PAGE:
As we continue to engage with our communities through volunteerism, activism, and advocacy, we must become more versed with terms that are associated with infrastructural and economic development.
A term that I want to want to emphasize throughout this article is the practice of community development and how you, as a community organizer, non-profit, or civic club, can properly and proactively add this term to your repertoire to move your community and city forward.
From a theoretical standpoint, community development is explained as a collaborative and systematic practice of improving the overall quality of life in communities through mediums such as community projects, education, outreach, and reinvestment. Furthermore, supplemental capacities of community development are community redevelopment, community reinvestment, community relations, and economic development.
It is also important to note that from a position of practice, community development is especially focused on improving the overall quality of life for a community to maintain or become a better place to eat, work, and live.
The industry of community development depends heavily on two factors: the first being economic development, because this practice introduces new jobs and equity to a community, while carrying out the task of serving as a hub of employment and opportunity. The second factor being long term community buy-in from current and future generations of that community.
It is crucial to note that community development must be community-based, not community placed. With the push for economic development in cities across the nation, it is now time for communities to understand how economic growth can directly benefit their community long-term. There are many ways to start engaging in community development or developing a voice for the community, but I recommend that communities conduct research that will indicate what exactly they want as a community, i.e., more jobs, more parks, more outreach events.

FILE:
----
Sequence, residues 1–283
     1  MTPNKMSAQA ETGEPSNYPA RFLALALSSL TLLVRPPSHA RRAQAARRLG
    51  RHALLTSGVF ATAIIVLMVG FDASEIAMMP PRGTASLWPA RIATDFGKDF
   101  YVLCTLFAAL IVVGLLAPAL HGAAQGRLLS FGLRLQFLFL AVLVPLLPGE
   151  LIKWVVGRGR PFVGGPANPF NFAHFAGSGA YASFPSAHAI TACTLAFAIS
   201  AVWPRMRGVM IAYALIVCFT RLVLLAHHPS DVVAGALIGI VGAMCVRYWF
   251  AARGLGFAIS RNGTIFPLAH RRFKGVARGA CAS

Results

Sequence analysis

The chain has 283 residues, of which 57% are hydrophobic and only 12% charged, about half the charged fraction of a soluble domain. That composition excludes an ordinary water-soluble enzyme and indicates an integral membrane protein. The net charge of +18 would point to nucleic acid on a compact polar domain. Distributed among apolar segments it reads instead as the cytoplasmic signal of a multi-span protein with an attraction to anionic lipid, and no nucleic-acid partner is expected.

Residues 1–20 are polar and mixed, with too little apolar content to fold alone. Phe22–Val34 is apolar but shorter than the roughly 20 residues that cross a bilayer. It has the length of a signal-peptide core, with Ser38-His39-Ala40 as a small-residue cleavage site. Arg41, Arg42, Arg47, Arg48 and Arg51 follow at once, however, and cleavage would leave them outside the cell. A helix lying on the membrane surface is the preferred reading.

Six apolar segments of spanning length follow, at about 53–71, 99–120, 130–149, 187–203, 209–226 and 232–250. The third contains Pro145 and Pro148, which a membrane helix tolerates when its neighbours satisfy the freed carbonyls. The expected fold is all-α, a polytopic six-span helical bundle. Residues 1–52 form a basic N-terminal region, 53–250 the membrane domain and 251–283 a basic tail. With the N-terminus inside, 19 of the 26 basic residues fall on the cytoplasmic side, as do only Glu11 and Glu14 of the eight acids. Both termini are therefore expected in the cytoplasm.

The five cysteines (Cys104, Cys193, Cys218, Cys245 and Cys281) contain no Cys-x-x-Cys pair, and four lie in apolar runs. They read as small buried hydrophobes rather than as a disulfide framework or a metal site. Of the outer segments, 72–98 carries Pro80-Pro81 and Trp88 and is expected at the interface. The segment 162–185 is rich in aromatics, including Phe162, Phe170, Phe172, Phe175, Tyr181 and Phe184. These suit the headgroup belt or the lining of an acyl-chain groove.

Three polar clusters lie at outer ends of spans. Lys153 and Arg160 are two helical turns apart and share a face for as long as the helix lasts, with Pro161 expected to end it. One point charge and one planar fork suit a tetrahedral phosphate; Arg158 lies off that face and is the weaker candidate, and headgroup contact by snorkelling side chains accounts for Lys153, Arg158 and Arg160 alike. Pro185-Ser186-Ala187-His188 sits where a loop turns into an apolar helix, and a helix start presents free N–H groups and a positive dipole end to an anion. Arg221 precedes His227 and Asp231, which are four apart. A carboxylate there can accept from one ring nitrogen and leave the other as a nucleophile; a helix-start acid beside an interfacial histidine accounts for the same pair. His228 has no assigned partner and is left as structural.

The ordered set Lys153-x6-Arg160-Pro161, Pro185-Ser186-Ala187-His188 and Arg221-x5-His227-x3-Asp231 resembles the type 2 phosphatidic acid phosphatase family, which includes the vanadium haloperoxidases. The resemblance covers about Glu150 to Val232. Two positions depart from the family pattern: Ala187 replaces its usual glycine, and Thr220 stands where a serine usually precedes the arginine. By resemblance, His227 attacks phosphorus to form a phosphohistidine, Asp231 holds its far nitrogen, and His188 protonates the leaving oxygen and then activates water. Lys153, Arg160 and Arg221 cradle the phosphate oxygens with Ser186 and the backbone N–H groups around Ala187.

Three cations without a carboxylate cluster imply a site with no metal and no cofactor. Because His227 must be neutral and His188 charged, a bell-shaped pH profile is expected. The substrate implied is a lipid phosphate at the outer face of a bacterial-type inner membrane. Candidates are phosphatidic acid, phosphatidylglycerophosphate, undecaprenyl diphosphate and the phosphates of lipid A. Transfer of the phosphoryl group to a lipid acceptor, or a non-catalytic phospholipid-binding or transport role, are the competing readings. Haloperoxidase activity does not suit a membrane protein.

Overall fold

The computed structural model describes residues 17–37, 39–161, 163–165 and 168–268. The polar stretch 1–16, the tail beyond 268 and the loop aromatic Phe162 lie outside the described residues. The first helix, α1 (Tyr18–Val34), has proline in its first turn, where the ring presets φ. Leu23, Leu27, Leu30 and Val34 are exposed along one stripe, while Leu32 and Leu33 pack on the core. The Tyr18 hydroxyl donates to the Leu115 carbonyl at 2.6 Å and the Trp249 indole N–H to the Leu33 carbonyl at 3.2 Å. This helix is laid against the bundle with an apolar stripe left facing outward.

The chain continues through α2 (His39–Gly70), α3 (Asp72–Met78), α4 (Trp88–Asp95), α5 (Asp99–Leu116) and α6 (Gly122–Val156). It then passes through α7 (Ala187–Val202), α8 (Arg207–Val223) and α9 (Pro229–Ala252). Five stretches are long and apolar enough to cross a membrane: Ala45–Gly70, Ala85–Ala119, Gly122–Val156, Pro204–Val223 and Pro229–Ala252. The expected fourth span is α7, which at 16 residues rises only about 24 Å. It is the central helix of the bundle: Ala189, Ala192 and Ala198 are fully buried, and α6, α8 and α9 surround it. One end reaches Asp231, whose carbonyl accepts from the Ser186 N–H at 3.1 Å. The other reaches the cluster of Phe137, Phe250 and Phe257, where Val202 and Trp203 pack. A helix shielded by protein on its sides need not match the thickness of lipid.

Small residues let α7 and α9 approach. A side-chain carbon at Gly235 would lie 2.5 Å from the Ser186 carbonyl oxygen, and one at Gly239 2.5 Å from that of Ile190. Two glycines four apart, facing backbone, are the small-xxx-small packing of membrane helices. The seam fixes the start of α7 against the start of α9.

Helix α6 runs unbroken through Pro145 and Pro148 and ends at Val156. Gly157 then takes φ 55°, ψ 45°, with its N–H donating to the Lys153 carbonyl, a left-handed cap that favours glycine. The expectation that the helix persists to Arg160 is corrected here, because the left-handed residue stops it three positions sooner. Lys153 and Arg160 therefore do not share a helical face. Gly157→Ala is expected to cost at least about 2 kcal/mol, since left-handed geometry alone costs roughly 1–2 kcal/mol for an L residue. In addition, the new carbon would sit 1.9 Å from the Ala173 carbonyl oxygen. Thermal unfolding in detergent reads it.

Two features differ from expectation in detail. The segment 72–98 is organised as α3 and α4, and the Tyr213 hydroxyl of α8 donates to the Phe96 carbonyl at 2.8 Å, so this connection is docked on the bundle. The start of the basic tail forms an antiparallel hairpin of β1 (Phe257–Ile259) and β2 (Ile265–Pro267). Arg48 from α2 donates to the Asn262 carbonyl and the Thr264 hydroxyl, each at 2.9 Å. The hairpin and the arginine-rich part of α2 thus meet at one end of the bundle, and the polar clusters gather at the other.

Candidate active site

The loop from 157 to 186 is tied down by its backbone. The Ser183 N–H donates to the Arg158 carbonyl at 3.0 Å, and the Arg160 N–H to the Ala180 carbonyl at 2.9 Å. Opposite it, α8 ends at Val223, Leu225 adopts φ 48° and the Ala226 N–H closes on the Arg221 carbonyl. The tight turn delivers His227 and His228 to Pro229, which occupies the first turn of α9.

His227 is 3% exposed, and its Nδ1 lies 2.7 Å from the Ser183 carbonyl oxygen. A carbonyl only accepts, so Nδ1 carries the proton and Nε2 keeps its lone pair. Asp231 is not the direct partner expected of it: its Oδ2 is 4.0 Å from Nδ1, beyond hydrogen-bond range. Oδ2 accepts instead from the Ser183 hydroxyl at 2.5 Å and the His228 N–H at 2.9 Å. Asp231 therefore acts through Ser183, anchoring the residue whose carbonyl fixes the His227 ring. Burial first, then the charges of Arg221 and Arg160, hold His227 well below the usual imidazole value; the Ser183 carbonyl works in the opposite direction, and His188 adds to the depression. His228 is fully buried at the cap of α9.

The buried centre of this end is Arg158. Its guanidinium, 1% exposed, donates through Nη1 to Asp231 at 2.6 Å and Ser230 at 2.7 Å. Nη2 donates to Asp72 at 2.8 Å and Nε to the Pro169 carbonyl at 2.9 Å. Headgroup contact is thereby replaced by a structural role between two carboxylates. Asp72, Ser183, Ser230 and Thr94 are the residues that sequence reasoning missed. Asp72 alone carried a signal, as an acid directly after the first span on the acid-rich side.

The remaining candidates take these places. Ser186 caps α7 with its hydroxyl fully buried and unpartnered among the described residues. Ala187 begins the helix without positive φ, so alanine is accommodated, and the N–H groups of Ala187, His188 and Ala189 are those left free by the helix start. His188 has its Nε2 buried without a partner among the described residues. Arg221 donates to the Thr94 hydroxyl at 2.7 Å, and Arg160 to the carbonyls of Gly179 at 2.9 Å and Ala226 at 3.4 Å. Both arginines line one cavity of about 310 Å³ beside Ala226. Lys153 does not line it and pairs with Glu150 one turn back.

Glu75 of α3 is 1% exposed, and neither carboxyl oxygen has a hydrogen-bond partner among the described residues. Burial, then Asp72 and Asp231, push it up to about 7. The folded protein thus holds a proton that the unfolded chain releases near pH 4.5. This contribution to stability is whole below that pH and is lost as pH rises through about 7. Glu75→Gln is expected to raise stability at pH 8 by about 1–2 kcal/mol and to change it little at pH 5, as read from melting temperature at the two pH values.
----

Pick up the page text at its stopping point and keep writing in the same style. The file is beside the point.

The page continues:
Standard ways to collect this information can come by creating surveys or conducting interviews to capture primary data, which can be an asset when making presenting local leadership, HOA’s, or Volunteer Community Associations, commonly known as VCAs.
The infancy phase of community-based development does take time, and success will depend on trial and error; however, it is essential to remember that this plan, and many more like it, must be community-based and supported.
Community development is a continuously growing and unique practice, but it can prove to be extremely beneficial to the community and the region if strategies are community-based and factors such as avenues for self-substantiality are primary long-term factors. In my next article, I will discuss community asset maps and Volunteer Community Associations.
Na’Shon Edwards, MCD is a recent graduate of Prairie View A&M University Community Development Program and an independent community development consultant.